2. Something Something Whomp Whomp*

          As a fellow extreme introvert, this is spot on. And as a corollary, being an introvert doesn’t mean you’ll cope well with having no social outlets, or that you don’t value some degree of social interaction simply because you get your fill from incidental socialization. There’s a difference between none and very little, but the only people I’ve felt comfortable discussing this with are…extroverts?

          One of my biggest takeaways from the pandemic is that a lot of introverts seem uncomfortable with acknowledging their own or other introverts’ social needs, however meagre they may be. To the extent that most introverts aren’t recluses, there’s a lot of intellectual dishonesty going on there.

      3. Cordelia*

        yes! I don’t think it necessarily has anything to do with introvert and extrovert – I think we assumed that, in the Before Times, but that’s not how its worked out. I am hugely introverted (not shy, not socially anxious, not antisocial, introverted!) and have hated working from home, such that I am changing jobs and going back to an office (well, hospital in my case) job next month. Like you, it was the easy, effort free social contact that I missed. My extrovert best friend however loves working from home and has changed jobs to one that is permanent wfh.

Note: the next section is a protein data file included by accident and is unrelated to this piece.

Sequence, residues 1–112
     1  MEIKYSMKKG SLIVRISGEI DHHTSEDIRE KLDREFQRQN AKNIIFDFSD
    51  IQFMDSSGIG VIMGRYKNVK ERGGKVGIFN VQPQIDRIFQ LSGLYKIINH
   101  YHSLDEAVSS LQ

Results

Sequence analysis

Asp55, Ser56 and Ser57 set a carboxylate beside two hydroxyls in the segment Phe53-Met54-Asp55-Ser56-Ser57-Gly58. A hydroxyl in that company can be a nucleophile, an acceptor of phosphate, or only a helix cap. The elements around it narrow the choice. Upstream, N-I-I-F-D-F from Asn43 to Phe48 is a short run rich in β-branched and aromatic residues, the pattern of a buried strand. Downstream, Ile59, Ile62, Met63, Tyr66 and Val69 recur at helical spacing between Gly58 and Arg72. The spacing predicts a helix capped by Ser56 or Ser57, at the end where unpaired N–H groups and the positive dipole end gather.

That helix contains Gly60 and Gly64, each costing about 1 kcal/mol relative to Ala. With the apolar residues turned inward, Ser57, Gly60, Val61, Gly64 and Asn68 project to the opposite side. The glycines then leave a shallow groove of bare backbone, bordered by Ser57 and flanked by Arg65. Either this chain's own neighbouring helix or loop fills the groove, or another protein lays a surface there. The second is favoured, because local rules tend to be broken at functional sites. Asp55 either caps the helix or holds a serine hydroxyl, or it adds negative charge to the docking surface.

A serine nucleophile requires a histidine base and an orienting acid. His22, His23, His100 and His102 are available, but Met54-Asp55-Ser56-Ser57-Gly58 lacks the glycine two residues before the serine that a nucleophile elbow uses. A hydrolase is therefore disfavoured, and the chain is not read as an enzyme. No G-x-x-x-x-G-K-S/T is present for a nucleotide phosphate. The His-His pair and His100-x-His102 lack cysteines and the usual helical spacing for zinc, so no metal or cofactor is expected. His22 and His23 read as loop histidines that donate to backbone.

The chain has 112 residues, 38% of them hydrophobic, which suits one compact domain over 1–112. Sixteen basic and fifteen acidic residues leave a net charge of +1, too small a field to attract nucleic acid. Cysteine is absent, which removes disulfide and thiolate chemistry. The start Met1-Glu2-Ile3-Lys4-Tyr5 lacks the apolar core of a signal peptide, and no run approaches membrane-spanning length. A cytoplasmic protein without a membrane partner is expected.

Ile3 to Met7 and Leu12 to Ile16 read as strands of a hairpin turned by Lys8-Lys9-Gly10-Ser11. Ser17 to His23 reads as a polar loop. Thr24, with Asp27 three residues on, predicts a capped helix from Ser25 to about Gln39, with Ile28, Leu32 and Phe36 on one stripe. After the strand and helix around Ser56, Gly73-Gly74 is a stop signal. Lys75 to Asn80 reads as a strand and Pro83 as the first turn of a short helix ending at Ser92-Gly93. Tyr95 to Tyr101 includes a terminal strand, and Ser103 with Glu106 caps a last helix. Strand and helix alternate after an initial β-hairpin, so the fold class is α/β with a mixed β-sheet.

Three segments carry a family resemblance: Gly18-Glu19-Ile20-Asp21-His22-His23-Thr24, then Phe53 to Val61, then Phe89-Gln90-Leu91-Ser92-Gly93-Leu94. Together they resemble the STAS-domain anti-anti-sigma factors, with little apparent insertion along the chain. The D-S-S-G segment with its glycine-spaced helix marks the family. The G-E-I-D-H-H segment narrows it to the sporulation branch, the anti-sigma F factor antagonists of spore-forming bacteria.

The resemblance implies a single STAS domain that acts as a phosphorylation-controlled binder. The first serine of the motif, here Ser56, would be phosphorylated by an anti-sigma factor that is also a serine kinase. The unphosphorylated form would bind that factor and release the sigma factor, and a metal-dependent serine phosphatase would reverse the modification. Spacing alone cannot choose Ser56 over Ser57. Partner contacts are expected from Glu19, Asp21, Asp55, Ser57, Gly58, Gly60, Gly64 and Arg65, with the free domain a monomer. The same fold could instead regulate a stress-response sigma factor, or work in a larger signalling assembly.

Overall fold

I think the next year will be the Big Reshuffle, and after that we will all have settled into the type of working that suits us best – there will just be more options, and more acceptance that different things work for different people

      4. Emilia Bedelia*

        Totally agree! I like to say that “work chat” is basically just following a script. Chatting amicably about the weather, pets, weekend activities, sports, etc is easy! Being a generally pleasant person with other generally pleasant people is far less stressful to me than worrying about ambiguous social situations.